Since yesterday’s horror on the lens was The Abominable Dr. Phibes, it only seems logical that today’s should be the sequel to that film, 1972’s Dr. Phibes Rises Again.  Would you believe that, before I actually found the film on YouTube, I thought this film was called Dr. Phibes Rides Again?  Personally, I think Rides Again sounds better than Rises Again but what do I know?

All that matters is that Vincent Price is back!  Be sure to check out Gary’s review of Dr. Phibes Rises Again when you get the chance.

And watch the movie below!

Enjoy!

Vincent Price Goes to Camp in DR. PHIBES RISES AGAIN (AIP 1972)


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Since 1971’s THE ABOMINABLE DR. PHIBES  was such a big hit, American-International Pictures immediately readied a sequel for their #1 horror star, Vincent Price. But like most sequels, DR. PHIBES RISES AGAIN isn’t nearly as good as the unique original, despite the highly stylized Art Deco sets and the presence of Robert Quarry, who the studio had begun grooming as Price’s successor beginning with COUNT YORGA, VAMPIRE. The murders (for the most part) just aren’t as monstrous, and too much comedy in director Robert Feust’s script (co-written with Robert Blees) turn things high camp rather than scary.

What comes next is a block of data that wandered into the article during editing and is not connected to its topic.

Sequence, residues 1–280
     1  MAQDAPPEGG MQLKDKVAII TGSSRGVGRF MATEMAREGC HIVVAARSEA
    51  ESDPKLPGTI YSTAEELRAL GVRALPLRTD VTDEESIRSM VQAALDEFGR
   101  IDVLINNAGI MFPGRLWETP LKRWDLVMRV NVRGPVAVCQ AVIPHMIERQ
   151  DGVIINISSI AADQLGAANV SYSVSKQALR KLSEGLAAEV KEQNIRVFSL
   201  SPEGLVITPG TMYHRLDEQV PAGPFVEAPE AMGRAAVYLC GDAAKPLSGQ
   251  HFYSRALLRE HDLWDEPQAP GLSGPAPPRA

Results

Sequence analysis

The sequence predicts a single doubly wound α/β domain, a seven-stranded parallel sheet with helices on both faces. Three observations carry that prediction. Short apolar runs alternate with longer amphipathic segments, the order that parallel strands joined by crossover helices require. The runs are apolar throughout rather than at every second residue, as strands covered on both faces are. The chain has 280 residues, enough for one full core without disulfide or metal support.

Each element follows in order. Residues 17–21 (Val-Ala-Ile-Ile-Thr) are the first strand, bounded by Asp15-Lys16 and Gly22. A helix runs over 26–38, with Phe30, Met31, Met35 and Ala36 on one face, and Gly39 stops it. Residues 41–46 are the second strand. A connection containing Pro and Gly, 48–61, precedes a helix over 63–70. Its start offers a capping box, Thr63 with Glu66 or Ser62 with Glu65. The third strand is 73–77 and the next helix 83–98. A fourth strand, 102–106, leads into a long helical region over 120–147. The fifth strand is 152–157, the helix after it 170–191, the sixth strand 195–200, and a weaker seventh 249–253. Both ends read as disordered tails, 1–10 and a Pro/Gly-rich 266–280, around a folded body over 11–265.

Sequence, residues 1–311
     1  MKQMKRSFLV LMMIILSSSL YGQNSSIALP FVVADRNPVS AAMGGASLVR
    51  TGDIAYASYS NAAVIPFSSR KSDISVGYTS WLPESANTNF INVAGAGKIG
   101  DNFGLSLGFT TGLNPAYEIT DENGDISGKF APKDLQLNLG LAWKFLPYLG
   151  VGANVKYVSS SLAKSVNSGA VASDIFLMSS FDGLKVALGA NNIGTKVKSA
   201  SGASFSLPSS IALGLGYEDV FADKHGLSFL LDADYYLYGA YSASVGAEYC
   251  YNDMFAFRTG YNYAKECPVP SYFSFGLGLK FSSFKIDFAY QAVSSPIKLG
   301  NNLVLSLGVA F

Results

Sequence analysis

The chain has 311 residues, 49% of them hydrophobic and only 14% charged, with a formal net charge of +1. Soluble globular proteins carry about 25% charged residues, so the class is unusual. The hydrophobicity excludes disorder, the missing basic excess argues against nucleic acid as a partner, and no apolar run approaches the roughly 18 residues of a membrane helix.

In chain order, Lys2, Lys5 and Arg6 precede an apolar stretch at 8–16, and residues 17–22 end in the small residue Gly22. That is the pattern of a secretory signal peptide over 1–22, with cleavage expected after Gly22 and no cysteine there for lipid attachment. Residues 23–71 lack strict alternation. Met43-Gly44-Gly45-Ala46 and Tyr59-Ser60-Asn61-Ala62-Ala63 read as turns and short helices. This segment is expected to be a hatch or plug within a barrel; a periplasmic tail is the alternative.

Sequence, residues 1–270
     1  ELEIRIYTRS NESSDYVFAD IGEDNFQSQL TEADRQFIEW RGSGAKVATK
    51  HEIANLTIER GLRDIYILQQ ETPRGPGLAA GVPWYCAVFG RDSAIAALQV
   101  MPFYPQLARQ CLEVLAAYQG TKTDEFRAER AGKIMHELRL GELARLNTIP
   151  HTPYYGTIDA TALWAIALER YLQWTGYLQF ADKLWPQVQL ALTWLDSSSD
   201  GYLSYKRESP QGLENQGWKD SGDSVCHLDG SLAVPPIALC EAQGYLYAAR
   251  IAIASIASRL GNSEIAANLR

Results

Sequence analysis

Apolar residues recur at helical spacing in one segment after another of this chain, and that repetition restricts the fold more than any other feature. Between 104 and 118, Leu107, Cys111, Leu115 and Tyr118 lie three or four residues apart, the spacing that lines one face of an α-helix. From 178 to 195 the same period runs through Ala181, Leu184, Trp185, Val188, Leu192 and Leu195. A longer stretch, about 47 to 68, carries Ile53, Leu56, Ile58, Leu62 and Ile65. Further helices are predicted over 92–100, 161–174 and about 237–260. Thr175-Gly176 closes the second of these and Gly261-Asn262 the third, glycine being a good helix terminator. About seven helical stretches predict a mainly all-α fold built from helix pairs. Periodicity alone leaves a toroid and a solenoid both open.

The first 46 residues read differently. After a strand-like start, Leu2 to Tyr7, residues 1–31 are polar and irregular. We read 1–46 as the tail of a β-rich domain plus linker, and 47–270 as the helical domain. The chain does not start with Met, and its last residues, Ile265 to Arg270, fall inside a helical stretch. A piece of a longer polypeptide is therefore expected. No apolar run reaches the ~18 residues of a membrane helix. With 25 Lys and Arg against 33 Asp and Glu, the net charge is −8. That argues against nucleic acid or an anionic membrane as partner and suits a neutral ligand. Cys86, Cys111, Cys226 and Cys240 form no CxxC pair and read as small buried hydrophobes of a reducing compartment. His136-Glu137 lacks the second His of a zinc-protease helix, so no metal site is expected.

Price is good, as always, bringing the demented Dr. Anton Phibes back from the grave. LAUGH-IN announcer Gary Owens recaps the first film via clips, letting us know Phibes escaped both death and the police by putting himself in suspended animation. Returning with loyal servant Vulnavia (who’s now played by Valli Kemp, replacing a then-pregnant Virginia North), Phibes…

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Danger Is Their Business: STUNTS (New Line Cinema 1977)


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With the success of films like WHITE LIGHTING, CANNONBALL, DEATH RACE 2000, and SMOKEY AND THE BANDIT (not to mention the continuing fascination with Evel Knenevel), movies revolving around stunts and stuntmen were big box office in the 1970’s. New Line Cinema took note and produced STUNTS, a murder mystery about stuntmen being killed off that gives us a behind-the-scenes look at low-budget filmmaking in addition to a good cast and well-staged action.

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When stuntman Greg Wilson’s hanging from a helicopter gag goes horribly awry, resulting in him plummeting to his death, his brother Glen arrives on the set determined to do the stunt himself and investigate Greg’s demise. Along the way he picks up B.J. Parswell, an attractive reporter doing a story on stuntmen. Glen’s fellow stuntmen start getting picked off one by one in gruesome “accidents”, and he must find the killer before he becomes next.